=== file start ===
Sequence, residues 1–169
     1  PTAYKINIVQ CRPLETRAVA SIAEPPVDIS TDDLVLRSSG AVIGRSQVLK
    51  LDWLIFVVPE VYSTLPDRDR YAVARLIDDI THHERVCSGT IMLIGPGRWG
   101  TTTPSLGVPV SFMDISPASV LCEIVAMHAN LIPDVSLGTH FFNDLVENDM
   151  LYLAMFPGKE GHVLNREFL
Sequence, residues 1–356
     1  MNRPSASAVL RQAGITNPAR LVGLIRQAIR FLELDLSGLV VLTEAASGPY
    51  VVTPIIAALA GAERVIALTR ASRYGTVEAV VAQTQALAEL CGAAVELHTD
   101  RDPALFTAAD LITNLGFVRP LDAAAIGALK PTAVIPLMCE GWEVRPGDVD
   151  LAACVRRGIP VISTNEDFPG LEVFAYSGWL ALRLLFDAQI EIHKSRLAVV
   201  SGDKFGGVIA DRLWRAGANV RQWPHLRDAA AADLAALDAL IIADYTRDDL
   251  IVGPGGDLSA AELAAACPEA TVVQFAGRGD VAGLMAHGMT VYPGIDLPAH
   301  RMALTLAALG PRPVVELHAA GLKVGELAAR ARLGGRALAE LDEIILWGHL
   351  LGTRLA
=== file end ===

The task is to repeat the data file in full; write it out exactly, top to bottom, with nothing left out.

Sequence, residues 1–169
     1  PTAYKINIVQ CRPLETRAVA SIAEPPVDIS TDDLVLRSSG AVIGRSQVLK
    51  LDWLIFVVPE VYSTLPDRDR YAVARLIDDI THHERVCSGT IMLIGPGRWG
   101  TTTPSLGVPV SFMDISPASV LCEIVAMHAN LIPDVSLGTH FFNDLVENDM
   151  LYLAMFPGKE GHVLNREFL
Sequence, residues 1–356
     1  MNRPSASAVL RQAGITNPAR LVGLIRQAIR FLELDLSGLV VLTEAASGPY
    51  VVTPIIAALA GAERVIALTR ASRYGTVEAV VAQTQALAEL CGAAVELHTD
   101  RDPALFTAAD LITNLGFVRP LDAAAIGALK PTAVIPLMCE GWEVRPGDVD
   151  LAACVRRGIP VISTNEDFPG LEVFAYSGWL ALRLLFDAQI EIHKSRLAVV
   201  SGDKFGGVIA DRLWRAGANV RQWPHLRDAA AADLAALDAL IIADYTRDDL
   251  IVGPGGDLSA AELAAACPEA TVVQFAGRGD VAGLMAHGMT VYPGIDLPAH
   301  RMALTLAALG PRPVVELHAA GLKVGELAAR ARLGGRALAE LDEIILWGHL
   351  LGTRLA